Posts Tagged ‘video’

Is Your Home Energy Efficient?

October 23, 2014

Infographic

Pictured above is a snapshot of an infographic about your home’s efficiency.  The full version can be found on our website.  Our homes are one of the biggest investments we make in our lifetime.  We, as homeowners, should be determined in getting the most out of our home and that starts with its energy efficiency.  There are many ways you can make your home more energy efficient on your own like we talked about in our last post, Home Energy Saving Tips.  Kudos to you if you began to implement them!

There are, however, a number of things in your home that can’t be seen by the naked eye or fixed on your own.  For example, outside pollutants can seep into your home through small holes built into the structure of the home.  This isn’t something you would see.  It often translates itself into uneven temperatures in your home or unhealthy living conditions.  If you are experiencing either of these, the chances are you won’t find the culprit.  Since a lot of the holes are in the structure of the home, they will be behind walls or between floors where our naked eye cannot see.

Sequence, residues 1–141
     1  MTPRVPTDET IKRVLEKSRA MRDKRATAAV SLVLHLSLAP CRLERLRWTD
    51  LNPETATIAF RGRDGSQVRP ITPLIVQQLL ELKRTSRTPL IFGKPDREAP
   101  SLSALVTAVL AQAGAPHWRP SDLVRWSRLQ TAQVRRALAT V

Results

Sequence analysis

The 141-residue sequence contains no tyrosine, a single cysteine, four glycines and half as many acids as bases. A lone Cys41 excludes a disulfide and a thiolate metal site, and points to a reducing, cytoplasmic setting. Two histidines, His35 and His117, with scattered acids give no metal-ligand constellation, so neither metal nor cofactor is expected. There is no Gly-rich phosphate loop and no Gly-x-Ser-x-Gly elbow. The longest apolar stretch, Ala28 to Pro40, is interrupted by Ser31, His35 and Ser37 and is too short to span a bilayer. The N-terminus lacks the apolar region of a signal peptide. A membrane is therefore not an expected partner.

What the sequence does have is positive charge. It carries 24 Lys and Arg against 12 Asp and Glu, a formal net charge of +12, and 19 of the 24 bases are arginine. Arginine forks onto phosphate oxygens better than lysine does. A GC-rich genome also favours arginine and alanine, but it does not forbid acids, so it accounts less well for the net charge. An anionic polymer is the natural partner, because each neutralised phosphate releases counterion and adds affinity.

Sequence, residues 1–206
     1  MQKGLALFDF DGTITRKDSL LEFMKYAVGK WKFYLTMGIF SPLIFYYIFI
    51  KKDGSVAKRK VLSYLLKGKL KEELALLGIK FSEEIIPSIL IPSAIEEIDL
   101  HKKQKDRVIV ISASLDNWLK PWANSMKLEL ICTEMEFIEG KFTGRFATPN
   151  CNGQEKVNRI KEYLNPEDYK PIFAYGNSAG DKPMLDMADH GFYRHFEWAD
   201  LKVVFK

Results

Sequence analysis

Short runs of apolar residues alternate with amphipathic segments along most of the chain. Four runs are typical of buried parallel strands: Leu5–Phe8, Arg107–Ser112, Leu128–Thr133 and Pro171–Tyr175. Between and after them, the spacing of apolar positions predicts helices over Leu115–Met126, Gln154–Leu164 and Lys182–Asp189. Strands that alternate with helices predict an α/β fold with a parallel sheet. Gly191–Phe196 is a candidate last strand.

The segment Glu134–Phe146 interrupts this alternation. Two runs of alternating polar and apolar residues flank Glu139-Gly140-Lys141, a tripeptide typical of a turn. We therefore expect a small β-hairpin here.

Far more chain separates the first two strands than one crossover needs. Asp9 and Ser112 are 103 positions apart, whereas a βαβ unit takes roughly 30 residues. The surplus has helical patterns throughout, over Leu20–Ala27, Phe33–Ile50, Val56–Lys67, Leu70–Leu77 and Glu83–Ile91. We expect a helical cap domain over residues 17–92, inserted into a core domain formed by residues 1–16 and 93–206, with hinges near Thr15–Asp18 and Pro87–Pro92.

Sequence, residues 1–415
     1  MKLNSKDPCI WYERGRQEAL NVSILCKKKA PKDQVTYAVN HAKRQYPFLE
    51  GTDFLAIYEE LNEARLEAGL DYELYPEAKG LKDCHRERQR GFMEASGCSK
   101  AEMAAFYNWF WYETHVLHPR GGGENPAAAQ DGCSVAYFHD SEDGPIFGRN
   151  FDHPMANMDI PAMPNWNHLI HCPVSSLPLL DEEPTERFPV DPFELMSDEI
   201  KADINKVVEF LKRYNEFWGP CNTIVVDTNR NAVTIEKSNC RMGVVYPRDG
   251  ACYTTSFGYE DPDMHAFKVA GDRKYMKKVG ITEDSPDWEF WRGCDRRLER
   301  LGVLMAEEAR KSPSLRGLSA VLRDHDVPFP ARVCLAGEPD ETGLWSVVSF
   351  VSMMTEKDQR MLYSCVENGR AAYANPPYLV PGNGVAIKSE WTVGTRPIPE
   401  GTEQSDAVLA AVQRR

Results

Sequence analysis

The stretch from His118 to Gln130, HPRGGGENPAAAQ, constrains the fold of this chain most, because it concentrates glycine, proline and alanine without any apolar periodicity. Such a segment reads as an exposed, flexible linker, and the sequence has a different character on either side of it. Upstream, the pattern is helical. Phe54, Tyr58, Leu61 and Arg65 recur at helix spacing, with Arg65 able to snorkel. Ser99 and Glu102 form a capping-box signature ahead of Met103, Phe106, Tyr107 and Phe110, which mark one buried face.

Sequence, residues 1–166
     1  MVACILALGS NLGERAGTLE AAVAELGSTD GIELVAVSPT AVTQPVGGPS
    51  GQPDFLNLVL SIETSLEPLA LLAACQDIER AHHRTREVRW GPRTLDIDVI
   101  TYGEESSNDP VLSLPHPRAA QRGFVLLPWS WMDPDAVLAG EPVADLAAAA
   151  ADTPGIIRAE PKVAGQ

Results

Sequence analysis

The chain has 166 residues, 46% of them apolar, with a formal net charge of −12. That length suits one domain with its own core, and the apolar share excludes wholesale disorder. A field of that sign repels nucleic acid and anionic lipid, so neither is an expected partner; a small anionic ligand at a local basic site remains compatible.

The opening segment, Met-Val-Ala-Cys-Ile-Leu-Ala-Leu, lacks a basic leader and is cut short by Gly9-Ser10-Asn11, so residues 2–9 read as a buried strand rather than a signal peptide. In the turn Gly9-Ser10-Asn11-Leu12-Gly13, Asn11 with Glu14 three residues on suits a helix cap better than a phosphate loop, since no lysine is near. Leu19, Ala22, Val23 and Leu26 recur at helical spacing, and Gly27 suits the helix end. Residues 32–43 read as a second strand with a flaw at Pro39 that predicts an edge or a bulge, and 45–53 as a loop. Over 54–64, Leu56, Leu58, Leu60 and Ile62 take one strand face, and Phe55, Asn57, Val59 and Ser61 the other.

At GreenHomes, we understand home efficiency.  We know the importance of conserving our resources and our pocketbooks.  And we specialize in home energy audits.  A home energy audit uses tools that can identify the holes that may be in the structure in your home.  It does more too.  We can tell you where energy is being used, where you are losing energy, and how you can save energy.  And of course, with saving energy, comes saving money.  Not to mention, your home will be more comfortable than ever before.

Feel free to share this post with a neighbor; let’s all play a part in saving energy this October!

Thanks for stopping by!

-April